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How to Define Your Marketing Message With Lisa McLeod

How to Define Your Marketing Message With Lisa McLeod

Are you being caught in a trap of spending heaps of marketing and getting no traction? We’ve got Lisa McLeod here from Selling With Noble Purpose, and she’s going to talk about how to make sure that you have a clear cut message.

3 Things That Hinder Your Business

Lisa McLeod

So Lisa, what are some of the main blunders when people start marketing and trying to sell a new business? What are the things you think they need to focus on? 

Lisa: There are three main things that get in peoples’ way.

The first thing is what they think it means to sell. This is over-describing what they do.

Secondly is their expertise. Most people start a business because there are some customers out there who are not getting their needs met. What gets in their way when they are trying to sell is that they are too deep in their expertise.

Lastly, they don’t have clarity and purpose. They think their purpose is to sell, but the purpose is to make a difference to your customers. This should be the centre of your marketing message and not your product. How do you make a difference to customers? What is your impact? 

How to Have a Clear Voice and Define Your Marketing Message

I’ve definitely fallen into the trap of doing that previously. I’m an engineer who thinks very much in detail. I was in a spot where I knew I had a great product, but I thought, what if I have the cure for cancer but not the voice and the clear message to tell everyone about it. Do you have an example of seeing businesses that highlight what they do instead of why they do it?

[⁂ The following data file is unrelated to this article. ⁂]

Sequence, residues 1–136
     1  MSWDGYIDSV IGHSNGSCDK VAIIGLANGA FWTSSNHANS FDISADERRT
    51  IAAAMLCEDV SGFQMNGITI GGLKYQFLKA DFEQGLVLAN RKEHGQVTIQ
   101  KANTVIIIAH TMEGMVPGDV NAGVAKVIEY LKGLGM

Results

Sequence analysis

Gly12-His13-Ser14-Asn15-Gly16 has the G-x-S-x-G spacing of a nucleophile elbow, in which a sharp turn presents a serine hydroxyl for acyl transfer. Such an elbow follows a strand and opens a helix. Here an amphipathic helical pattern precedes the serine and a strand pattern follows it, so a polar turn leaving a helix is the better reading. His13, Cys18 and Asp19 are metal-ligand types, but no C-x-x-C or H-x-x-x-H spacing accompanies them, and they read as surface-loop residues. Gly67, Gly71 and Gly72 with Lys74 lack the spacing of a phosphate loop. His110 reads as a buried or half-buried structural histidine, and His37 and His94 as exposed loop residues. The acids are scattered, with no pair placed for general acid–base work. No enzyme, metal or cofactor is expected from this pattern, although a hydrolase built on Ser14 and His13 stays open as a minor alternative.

Lisa: That’s right! It’s what they do versus why they do it.

Let’s say with the cure for cancer, the fact whether it’s injectable or it’s a pill, all we care about is the cure for cancer. We need to think this way as sellers. We had an IT company we were working with, and it’s an American company, and you can outsource all your IT to them.

So when I started working on it, we said, what impact do you have on customers? One guy in the room stood up and said, we help small businesses be more successful. That’s what happens when you have that clarity of purpose. 

Every time you interact with a customer, that’s what you’re trying to help them: be more successful. And if you’re a business owner, one of your challenges is getting your people to have the right behaviours with customers.

What Is Your Impact?

Absolutely. We changed our marketing messages around after addressing the question of what we are actually doing. We’ve redefined the message of what we do in business and what we do for people’s lives to challenge their operations by creating kindhearted personal relationships driven by cutting-edge advancement. We changed our marketing message and said we guarantee your uptime, and if you go down, we pay you. The message is very clear—we guarantee that your business will run perfectly with technology—and we’re happy enough to put our money where our mouth is.

Lisa: The exercise you have done is really important. Finding your “why” can be easy if you have a small business with a handful of employees, but if you go to a mid-sized business, you need to be explicit.

Why? Because you want a competitive differentiation

Even if what you are selling is not unique, you’ve got to show that you do your business differently.

Second, you need an emotional engagement with your people. You have to drive emotional engagement with your team to motivate them to try new innovation. As a leader, you have to articulate the impact you have on customers and make that the north star of the business.

How to Have a Competitive Differentiation to Define Your Marketing Message

As your business becomes bigger, the message shouldn’t get watered out. What is the differentiator between copycat-like businesses, such as McDonald’s and Hungry Jacks? 

Lisa: You’ve got two key ways to differentiate yourself.

1. Product

2. The experience of doing business with you